“I was a bit worried because I know how vulnerable I am. I went inside and took some heart spray.
“For someone to threaten someone in a wheelchair is unbelievable. He is a complete coward.
“But I am a fighter.”
Those were the words of double amputee Ronald Trigg after a neighbour from hell who made his life a misery was jailed.
Ronald, 61, had struggled after losing both his legs over the last 13 years.
The retired joiner from Longfield Avenue, Dalton didn't think it could get much worse - then Craig Leah moved in around a year ago.
On Monday Leah, 42, was jailed for 12 weeks with a district judge telling him that his behaviour had been disgraceful and that he needed an enforced break from society.
Leah pleaded guilty to two charges of threatening behaviour and a charge of assaulting a police constable acting in the execution of his duty.
The court heard how on the day of of the incident Mr Trigg's Yorkshire Terrier was out in the garden and Leah was shouting at it.
Richard Blackburn, prosecuting, said: “The complainant hears him (Leah) shouting at the dog: ‘Shut the f*** up you little rat or I’ll wring your neck’.
“The complainant goes outside to remonstrate with the defendant and he calls him a 'no legged b*****d'."
Leah swore at Mr Trigg and repeated the abuse, calling him a ‘grass’ and threatening to take him out of his chair.
He warned Mr Trigg: “Dark mornings are coming.”
Ronald said: “I was warned not to go near him as he has a nasty temper but I have to walk my dog, Max, a Yorkshire Terrier, and he has a bull pit terrier so our paths were bound to cross eventually, I guess.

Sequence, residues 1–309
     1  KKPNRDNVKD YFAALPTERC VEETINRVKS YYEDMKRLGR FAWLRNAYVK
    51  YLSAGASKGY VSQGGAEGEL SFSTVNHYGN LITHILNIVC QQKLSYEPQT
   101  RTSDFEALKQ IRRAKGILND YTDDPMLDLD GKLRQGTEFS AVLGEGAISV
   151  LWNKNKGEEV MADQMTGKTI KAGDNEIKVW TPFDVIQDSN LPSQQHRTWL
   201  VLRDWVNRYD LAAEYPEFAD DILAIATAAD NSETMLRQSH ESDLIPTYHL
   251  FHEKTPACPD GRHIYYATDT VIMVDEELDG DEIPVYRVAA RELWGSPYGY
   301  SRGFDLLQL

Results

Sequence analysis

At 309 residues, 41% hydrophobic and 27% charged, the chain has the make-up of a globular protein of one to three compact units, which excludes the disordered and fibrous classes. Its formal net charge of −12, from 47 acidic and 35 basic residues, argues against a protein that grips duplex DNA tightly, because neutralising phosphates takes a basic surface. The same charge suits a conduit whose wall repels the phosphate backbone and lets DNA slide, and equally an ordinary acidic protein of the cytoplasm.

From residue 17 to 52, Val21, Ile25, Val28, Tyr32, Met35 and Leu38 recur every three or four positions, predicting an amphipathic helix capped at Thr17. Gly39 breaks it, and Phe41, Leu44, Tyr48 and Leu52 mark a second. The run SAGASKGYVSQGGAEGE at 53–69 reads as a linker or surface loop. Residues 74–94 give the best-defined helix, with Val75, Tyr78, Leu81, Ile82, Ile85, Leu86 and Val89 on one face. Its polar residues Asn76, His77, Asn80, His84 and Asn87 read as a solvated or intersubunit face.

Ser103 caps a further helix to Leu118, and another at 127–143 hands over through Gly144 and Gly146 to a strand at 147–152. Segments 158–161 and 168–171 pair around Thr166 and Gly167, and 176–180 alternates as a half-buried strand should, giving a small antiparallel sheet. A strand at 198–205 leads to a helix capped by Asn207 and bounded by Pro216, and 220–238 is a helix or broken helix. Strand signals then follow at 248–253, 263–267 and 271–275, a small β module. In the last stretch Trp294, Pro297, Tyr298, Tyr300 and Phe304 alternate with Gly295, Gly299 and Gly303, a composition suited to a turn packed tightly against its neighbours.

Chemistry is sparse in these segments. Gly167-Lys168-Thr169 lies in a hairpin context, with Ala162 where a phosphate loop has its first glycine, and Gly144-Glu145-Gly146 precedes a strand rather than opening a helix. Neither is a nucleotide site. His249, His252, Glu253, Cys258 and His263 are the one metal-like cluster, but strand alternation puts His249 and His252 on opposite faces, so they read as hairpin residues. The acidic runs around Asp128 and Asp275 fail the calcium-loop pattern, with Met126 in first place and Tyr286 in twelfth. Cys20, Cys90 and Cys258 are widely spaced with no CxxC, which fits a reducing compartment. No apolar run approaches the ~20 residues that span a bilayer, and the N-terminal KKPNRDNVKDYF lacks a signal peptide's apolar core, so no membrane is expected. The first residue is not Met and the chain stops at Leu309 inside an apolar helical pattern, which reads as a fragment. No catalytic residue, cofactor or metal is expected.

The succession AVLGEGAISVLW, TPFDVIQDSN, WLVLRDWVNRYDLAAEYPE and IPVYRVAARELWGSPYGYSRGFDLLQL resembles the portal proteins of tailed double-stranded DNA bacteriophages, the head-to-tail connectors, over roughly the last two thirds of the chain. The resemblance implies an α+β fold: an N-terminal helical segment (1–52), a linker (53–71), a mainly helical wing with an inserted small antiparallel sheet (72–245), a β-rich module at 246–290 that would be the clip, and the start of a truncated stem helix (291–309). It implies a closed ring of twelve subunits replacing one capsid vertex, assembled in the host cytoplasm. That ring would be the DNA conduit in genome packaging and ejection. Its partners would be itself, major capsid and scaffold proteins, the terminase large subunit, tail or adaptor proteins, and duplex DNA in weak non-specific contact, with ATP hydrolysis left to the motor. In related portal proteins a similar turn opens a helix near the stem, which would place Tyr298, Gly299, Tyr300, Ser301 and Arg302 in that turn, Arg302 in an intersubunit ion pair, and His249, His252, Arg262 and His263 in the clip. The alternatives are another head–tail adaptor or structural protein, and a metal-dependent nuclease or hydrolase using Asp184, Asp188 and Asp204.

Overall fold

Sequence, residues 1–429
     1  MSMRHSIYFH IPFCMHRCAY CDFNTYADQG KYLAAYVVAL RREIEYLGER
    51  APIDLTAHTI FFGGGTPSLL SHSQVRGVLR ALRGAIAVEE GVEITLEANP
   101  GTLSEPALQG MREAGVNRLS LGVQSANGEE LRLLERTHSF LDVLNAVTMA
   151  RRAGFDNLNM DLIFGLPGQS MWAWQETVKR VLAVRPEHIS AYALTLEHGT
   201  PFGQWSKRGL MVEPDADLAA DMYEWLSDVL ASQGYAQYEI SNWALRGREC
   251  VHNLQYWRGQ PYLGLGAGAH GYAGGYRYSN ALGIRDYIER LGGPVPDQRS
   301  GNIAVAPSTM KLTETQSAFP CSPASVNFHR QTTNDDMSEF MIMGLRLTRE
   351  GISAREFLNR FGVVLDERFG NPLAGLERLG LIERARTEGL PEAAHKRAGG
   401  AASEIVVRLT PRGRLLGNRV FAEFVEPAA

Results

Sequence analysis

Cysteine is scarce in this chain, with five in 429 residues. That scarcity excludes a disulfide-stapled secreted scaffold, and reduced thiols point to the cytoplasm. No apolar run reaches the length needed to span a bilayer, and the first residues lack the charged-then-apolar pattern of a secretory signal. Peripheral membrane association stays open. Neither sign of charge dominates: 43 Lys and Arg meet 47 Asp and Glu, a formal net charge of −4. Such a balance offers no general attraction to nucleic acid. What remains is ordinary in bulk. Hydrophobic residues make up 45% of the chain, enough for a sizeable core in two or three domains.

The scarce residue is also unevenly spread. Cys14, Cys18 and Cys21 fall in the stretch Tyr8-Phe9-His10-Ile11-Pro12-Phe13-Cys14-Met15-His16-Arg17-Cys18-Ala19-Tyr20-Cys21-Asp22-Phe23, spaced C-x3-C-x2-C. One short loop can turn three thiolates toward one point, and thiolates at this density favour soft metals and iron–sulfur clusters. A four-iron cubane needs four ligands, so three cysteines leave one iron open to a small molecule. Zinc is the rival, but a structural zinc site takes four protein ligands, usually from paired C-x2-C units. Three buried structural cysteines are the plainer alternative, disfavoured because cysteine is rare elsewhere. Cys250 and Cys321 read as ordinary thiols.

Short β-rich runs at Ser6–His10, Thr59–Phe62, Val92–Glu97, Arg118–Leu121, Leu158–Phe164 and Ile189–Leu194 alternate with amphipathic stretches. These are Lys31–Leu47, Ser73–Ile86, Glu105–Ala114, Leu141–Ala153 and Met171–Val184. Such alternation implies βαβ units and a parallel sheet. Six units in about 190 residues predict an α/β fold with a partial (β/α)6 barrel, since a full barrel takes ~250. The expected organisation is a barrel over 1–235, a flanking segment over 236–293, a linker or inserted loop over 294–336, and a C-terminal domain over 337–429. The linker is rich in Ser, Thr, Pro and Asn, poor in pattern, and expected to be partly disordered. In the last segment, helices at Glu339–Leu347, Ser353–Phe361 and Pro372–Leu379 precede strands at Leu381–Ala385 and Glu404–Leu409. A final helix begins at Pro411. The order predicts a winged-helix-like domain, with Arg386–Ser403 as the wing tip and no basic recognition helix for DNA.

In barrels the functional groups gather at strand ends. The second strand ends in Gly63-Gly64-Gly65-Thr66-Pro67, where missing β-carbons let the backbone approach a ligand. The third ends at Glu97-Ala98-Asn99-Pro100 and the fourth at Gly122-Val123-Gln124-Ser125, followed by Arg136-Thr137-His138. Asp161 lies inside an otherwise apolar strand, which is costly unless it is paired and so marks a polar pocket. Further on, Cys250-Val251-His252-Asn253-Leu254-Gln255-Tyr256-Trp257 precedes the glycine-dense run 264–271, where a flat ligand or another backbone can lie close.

“He doesn’t keep his dog on a lead and one morning I told him he ought to as Max can’t stop himself from yapping at it and his dog would tear mine apart if it got the chance.
“When I said that to him he just exploded and called me a “no-legged b......”.
"Then he shouted that he would tip me out of my wheelchair.
“He knows I have a chronic heart condition and anything like that would definitely give me a heart attack and kill me."
Leah lives in a council property and a spokeswoman from Kirklees Neighbourhood Housing said: “We cannot comment on specific cases but generally, when a tenant is sent to prison, what happens next depends on the length of the sentence and the nature of the crime.
"The law gives secure tenants a number of rights that protect their tenancies, but these have to be balanced against the rights of other tenants to be protected from nuisance and harassment.
"In a situation such as this one, we would have to take into account all the factors involved and all the available options before deciding what should happen to the tenancy.”